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Wendy,

Welcome here.

I understand stage III but in a difficult treatment location: superior vena cava. First, my view about whole brain radiation (WBRT).  Generally, normally, usually, folks who receive it only have the treatment when tumors are discovered in the brain.  Small cell does have a preference for metastasis to the brain but not all small cell progresses there.  So I'd wait until a diagnostic or symptom indicates a brain metastasis before undergoing WBRT.  Speaking of radiation, has your medical team discussed the possibility of treating your superior vena cava tumor with precision radiation (Stereotactic Body Radiation Therapy or SBRT)? I'd explore that possibility at your next appointment.    

I'd also ask if the pain and swelling in your jaw line are directly related to your tumor.

Stay the course.

Tom

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Sorry to hear about your diagnosis Wendy. I was diagnosed with sclc in February. I had tumors in my lung and one brain met at that time which was about 1/4 to 1/2" in size. They said every person and every cancer case is unique, so it's impossible to predict how long a person will live. Only God knows. They told me that mine was stage IV and typically a person like that may live 2-4 months, perhaps a year depending upon treatment. I've since heard that some people lived many years after being diagnosed with sclc. I was put on a chemo regime that included an immunotherapy drug named Tecentriq. I've had infusions (through a port in my chest) of Tecentriq every three weeks. My most recent CT in December showed that the brain met has all but disappeared, but my lung tumors are beginning to grow. I'll probably include radiation into my treatment plan going forward. Sclc is a nasty foe, but one that can be fought, and that's our job as patients. Use every tool you can to fight it, beginning with knowledge. Research the heck out of this disease, using the internet and most importantly from your health care team. Ask questions. Always. Of everybody. Take charge. In short, make yourself an expert on this disease and its various treatments.  Also make note of any cancer experts nearby or available to help. There are amazing people developing new treatments, so in my opinion the future is brighter now than ever before for sclc patients.  And there are some great folks on this website who will, no doubt, be sharing their knowledge. I'm a rookie as well, but what I've learned is that knowledge and a positive attitude are key elements in this battle. Good luck as you begin the battle!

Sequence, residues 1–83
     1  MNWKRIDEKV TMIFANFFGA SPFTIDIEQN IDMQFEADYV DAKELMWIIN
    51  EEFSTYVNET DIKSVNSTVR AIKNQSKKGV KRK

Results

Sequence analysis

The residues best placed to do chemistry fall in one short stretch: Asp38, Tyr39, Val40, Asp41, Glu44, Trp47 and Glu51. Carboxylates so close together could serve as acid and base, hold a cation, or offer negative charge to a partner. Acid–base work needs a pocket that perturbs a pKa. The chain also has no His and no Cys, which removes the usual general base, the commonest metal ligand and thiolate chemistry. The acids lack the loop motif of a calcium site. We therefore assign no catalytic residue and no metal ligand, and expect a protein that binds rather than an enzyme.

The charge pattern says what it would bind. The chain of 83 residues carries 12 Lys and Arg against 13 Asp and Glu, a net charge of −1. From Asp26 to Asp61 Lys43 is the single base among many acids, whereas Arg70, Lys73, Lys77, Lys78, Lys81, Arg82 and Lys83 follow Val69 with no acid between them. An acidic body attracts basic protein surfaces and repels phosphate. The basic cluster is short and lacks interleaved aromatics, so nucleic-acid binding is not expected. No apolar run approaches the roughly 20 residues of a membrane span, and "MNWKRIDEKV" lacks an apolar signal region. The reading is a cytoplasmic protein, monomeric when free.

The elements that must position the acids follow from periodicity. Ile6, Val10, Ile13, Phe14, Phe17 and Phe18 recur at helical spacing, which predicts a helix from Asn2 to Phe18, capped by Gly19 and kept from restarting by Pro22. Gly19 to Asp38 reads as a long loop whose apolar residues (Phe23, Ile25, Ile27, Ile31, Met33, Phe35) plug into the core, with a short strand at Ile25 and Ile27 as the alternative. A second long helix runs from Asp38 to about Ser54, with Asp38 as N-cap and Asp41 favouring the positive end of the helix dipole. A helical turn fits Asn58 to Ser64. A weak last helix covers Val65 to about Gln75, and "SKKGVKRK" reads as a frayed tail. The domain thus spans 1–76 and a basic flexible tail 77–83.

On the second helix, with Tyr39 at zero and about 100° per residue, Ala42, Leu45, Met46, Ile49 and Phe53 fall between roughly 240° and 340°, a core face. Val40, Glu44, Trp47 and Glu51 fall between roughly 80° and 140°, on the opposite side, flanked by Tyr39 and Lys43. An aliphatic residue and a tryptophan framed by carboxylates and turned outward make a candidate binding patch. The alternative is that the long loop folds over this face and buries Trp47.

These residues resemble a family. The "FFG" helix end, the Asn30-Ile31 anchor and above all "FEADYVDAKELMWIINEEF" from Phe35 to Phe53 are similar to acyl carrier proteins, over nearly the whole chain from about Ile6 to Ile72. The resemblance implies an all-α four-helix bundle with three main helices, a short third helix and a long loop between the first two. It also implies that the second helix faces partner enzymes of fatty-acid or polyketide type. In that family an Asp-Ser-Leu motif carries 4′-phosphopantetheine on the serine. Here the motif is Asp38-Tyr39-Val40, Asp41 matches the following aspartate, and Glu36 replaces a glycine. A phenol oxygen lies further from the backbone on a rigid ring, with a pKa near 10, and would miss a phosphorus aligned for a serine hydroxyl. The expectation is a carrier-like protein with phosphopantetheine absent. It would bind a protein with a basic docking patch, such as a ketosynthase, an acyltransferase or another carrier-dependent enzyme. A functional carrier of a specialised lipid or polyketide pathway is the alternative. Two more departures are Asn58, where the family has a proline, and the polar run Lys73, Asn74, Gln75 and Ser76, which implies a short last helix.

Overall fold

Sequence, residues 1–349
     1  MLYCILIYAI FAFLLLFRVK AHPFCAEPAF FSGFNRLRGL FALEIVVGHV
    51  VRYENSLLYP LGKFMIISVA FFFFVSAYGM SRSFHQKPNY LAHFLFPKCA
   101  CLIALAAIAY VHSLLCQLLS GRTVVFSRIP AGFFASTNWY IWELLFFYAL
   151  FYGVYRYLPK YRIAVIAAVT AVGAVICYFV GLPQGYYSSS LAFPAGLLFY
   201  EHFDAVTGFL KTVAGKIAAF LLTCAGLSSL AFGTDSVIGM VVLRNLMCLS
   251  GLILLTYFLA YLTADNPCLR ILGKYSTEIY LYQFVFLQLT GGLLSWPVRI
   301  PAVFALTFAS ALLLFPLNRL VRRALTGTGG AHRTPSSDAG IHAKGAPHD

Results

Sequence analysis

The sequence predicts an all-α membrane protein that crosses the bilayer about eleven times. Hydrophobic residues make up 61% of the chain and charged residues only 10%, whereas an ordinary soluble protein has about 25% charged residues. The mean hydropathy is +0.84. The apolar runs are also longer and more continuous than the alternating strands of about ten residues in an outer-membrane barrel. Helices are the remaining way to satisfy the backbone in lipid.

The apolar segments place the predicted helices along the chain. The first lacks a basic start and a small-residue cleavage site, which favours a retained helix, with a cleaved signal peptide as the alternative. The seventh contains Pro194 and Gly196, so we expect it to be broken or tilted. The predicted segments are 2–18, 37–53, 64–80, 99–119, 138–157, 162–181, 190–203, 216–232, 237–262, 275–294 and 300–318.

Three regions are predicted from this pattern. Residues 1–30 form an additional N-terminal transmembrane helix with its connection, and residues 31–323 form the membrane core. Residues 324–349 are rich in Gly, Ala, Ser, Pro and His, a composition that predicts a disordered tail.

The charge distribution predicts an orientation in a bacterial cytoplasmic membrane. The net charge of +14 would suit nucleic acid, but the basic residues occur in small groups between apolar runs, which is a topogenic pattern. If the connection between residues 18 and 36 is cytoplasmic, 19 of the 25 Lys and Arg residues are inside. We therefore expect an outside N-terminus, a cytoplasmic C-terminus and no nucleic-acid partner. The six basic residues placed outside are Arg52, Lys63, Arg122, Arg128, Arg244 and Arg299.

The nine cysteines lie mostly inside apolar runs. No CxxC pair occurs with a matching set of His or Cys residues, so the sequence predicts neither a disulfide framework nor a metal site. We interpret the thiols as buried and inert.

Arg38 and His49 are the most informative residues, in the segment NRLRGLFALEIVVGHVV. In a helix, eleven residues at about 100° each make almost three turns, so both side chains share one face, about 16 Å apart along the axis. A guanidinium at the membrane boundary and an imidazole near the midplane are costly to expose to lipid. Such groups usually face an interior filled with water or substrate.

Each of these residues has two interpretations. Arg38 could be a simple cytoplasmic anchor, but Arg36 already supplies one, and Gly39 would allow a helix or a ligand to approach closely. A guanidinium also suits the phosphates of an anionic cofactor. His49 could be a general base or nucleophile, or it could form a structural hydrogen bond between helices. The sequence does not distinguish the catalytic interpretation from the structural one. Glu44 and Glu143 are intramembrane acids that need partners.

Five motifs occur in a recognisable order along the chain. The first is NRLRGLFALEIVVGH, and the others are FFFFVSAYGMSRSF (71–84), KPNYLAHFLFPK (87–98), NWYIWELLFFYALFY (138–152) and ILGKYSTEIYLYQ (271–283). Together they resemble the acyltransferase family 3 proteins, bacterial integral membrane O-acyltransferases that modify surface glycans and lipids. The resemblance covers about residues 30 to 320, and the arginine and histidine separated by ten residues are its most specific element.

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Sorry for this added message but thought it to be important. It was suggested that I undergo full brain radiation in May due to my brain met. However, my brain scans  showed the met decreasing in size from my diagnosis in February. I asked lots of questions, and the final decision was not to undergo that procedure unless it was absolutely necessary. It turned out to be the correct answer for me. I'm thinking a brain scan is a serious procedure. Scans will give you solid proof that the procedure is absolutely necessary.